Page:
Addition of subsequent observation care codes 99224-99226 by CPT® 2011 left many coders perplexed. These new codes featured typical times associated, even though the initial observation care codes 99218-99220 don’t have typical times.
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CPT® 2012 manual, which takes effect on Jan. 1, will remedy that problem, with the addition of the following typical time guidelines:
- 99218 — …Physicians typically spend 30 minutes at the bedside and on the patient’s hospital floor or unit
- 99219 — …Physicians typically spend 50 minutes at the bedside and on the patient’s hospital floor or unit
- 99220 — …Physicians typically spend 70 minutes at the bedside and on the patient’s hospital floor or unit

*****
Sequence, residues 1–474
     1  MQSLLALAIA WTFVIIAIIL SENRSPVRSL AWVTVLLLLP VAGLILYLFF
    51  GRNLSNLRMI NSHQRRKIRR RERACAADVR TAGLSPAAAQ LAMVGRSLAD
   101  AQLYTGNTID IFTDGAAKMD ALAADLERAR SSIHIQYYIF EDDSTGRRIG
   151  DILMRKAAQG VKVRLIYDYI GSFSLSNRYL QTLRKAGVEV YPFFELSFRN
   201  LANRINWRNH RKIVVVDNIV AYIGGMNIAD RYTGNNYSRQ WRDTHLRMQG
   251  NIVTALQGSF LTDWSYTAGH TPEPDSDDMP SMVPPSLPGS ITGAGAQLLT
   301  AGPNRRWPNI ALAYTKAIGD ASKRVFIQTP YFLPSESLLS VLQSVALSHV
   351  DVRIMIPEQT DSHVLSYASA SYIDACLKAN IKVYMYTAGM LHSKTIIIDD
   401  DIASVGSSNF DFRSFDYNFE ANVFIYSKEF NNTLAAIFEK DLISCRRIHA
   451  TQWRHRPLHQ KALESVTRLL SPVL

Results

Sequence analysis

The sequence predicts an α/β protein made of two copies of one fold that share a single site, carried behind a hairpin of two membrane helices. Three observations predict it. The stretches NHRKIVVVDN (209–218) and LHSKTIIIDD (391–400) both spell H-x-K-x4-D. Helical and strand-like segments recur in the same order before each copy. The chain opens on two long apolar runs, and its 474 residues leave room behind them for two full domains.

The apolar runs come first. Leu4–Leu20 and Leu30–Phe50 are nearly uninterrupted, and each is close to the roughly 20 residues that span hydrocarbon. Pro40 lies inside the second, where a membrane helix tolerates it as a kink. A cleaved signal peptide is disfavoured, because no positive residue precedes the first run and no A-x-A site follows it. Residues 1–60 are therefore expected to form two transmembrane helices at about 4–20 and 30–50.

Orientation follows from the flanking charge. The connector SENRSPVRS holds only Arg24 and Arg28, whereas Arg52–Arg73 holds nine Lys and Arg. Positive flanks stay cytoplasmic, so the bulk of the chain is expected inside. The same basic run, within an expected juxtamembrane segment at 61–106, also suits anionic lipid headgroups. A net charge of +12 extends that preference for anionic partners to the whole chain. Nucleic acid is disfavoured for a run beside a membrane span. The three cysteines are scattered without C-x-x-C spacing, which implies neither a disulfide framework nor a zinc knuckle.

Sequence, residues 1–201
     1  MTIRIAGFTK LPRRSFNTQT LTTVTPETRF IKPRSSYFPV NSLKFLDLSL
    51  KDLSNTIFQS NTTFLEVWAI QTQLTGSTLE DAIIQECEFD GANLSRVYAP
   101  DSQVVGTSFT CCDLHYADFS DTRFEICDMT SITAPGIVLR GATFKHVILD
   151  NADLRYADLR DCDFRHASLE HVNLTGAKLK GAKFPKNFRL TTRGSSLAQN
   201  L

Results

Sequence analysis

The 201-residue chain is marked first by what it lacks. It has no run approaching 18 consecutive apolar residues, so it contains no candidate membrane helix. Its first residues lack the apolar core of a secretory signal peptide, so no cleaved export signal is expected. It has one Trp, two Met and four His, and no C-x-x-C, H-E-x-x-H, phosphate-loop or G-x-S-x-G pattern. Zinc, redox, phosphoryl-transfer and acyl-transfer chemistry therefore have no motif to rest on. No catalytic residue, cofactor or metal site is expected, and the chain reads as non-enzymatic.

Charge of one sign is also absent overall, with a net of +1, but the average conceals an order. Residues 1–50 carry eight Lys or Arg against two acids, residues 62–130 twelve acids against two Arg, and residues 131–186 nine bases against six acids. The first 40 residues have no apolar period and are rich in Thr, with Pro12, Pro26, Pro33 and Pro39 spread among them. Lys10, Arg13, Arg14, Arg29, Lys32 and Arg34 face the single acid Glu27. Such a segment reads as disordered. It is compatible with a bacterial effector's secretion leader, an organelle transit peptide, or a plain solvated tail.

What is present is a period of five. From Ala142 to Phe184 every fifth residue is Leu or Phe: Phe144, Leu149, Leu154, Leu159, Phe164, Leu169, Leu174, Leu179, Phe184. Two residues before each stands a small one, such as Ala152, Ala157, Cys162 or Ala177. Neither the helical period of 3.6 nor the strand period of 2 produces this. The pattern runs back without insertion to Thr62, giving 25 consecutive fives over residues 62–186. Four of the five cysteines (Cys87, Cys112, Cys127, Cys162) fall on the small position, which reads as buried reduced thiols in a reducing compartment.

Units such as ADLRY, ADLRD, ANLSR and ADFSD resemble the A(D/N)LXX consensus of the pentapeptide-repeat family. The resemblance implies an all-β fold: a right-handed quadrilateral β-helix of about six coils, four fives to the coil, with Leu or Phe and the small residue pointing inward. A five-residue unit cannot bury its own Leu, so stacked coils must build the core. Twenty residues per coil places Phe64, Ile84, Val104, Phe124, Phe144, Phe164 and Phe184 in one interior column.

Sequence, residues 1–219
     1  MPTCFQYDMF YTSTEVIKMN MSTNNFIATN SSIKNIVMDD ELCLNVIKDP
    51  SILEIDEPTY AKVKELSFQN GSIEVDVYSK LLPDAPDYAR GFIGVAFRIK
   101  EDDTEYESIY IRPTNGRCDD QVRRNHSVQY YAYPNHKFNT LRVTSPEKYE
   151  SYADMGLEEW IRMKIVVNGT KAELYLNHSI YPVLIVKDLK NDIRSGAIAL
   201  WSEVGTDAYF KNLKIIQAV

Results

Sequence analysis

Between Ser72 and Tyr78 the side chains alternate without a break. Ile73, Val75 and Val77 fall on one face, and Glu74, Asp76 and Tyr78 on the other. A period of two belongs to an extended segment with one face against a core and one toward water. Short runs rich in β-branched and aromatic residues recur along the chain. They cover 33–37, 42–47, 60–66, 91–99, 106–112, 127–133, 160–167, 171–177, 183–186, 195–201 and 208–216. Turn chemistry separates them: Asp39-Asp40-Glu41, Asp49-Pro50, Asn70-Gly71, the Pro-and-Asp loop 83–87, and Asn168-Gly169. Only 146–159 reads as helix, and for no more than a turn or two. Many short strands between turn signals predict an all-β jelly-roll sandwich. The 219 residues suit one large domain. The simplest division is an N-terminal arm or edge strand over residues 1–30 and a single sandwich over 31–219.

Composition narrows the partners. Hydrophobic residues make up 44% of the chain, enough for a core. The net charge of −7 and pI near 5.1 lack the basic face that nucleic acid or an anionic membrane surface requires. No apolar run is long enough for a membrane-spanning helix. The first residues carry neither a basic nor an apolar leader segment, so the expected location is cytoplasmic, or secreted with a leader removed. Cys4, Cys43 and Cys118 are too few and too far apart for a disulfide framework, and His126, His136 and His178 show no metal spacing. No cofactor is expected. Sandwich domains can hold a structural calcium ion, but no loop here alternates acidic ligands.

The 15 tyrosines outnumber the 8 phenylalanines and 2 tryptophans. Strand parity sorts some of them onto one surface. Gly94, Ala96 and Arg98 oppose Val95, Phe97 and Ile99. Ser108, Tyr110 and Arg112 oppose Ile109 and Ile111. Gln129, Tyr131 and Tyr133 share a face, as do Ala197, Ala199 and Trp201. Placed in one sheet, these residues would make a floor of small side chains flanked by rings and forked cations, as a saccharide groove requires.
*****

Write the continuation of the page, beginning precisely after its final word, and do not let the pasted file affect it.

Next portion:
The exact reasons for the CPT® committee’s inclusion of these codes won’t be clear until the AMA’s November CPT® Symposium, but it seems that the addition of typical times could open the door for coding based on time.
“There are only two ways that you can use time as a basis for selecting an E/M code,” says Barbara J. Cobuzzi, MBA, CPC, CENTC, CPC-H, CPC-P, CPC-I, CHCC, president of CRN Healthcare Solutions, a consulting firm in Tinton Falls, N.J. “If counseling/coordination of care takes up 50 percent or more of the visit, and if the code has a typical time associated with it. So by these codes now having a time reference, it sounds like we may have a way to reference time used if counseling or coordination of care takes up at least 50 percent of a visit. In addition, this could open the door to collecting for prolonged service times if the time the doctor spends exceeds 30 minutes more than the allotted time, and the visit notes are documented as such,” Cobuzzi adds....
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